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We all have gone through some ups and downs in life. We have had good times, not so good times and some very bad times. There are days when we feel sad, hopeless and empty but these feeling don’t last for long. We bounce back fast as we do have a good support system and or coping skills to assist.
Many individuals experience feelings of sadness, emptiness and or hopelessness most of the day, nearly every day. They have trouble sleeping, have lack of interest in pleasurable activities, socializing and have difficulty getting through routine day to day activities.
Depression or clinical depression is a mood disorder that causes distressing symptoms which can influence how a person feels, thinks and handle day to day activities. These symptoms can affect their quality of life including sleep, eating habits and work. According to National Institute of Mental Health (NIMH) to be diagnosed with depression these symptoms must be present most of the day, nearly every day for at least 2 weeks.
To learn further about types of depression, signs & symptoms, causes and more please use this link https://www.nimh.nih.gov/health/publications/depression/index.shtml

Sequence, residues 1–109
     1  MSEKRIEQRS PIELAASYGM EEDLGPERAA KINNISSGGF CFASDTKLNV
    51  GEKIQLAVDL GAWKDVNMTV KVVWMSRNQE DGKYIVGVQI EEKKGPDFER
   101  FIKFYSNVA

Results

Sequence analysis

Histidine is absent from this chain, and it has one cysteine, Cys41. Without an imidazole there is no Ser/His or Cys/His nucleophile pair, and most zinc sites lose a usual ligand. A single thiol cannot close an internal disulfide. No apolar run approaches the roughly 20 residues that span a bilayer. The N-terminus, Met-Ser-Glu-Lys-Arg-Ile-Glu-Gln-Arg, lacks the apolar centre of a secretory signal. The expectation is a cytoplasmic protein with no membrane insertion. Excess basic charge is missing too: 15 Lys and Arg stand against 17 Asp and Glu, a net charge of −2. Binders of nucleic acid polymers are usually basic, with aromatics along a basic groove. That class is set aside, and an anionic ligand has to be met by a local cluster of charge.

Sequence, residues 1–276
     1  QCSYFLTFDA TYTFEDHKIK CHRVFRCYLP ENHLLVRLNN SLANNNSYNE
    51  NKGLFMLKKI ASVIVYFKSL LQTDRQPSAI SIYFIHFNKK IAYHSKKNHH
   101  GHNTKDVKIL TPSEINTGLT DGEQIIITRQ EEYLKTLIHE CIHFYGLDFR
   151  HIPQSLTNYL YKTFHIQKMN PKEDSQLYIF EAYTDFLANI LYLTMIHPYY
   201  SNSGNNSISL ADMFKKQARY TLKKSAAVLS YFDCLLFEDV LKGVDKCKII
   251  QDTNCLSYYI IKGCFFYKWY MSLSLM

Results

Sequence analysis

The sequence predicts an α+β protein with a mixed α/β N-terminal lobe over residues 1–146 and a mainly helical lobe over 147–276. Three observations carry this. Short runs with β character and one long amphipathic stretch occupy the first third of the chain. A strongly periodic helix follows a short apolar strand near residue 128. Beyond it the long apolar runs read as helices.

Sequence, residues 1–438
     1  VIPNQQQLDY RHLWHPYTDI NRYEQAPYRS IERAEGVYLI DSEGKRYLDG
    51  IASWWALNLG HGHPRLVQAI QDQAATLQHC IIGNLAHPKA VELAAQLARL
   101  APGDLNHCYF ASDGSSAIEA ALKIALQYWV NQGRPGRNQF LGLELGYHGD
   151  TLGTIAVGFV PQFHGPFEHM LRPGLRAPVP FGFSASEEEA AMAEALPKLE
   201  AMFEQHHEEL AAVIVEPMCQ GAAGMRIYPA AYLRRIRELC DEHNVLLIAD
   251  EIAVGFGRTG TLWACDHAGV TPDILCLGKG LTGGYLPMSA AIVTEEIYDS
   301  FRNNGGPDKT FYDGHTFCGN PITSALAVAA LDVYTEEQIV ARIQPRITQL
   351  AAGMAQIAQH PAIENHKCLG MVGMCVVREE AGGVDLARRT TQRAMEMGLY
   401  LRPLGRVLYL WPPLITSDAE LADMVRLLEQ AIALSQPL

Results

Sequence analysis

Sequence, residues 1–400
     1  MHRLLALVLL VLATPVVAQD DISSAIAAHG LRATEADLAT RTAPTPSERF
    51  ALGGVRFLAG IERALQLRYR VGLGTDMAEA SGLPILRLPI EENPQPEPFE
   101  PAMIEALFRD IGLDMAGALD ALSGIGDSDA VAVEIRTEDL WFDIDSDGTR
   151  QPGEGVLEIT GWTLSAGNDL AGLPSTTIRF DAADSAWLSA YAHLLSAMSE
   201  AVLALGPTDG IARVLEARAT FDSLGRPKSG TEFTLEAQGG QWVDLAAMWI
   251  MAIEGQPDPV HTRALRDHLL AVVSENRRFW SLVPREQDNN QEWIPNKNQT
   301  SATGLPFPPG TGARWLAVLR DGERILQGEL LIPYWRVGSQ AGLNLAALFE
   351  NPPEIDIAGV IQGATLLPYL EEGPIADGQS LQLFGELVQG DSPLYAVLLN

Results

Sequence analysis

Our unique integrated treatment approach
At NITI we start with a free consultation as we would like to spend time to understand your situation and discuss how our customized integrated approach can help alleviate your symptoms of anxiety and life long suffering. We will discuss and show you our treatment modalities so you can make an informed decision.
Our treatments start with EEG (eyes open & eyes closed) recording followed by discussing the findings of a 60 page QEEG report by our BCN (Board Certified Neurofeedback Therapist) clinician to understand the underling primary issues in the brain that may be causing the symptoms of anxiety. This assessment along with other psychological assessments help our clinician to create a customized treatment protocol.
You do not have to quit taking medication to participate in out treatments. In fact, we will work with you and your physician to decrease the needs of medication as your treatment progresses and you start to feel better. Our goal is to make you learn skills and re-train your brains dysregulated pathways so that you will not rely on medications and instead lead a worry free life.
Through brain training and using neuroplasticity, a person can change their thinking habits and diminish anxiety symptoms. The best part is that one’s your brain is optimally functioning and you have learnt effective coping skills the improvements sustain after you stop treatments.
Please ask our clinicians to share with you pre and post treatment QEEGs to show how effective our treatments are. If you are still not convinced then we can let you speak with our satisfied clients and seek their experiences.
Call today to make a free consultation appointment 815-931-0047
We do accept most major insurance PPO plans.
What are the different types of depression? https://www.nimh.nih.gov/health/publications/depression/index.shtml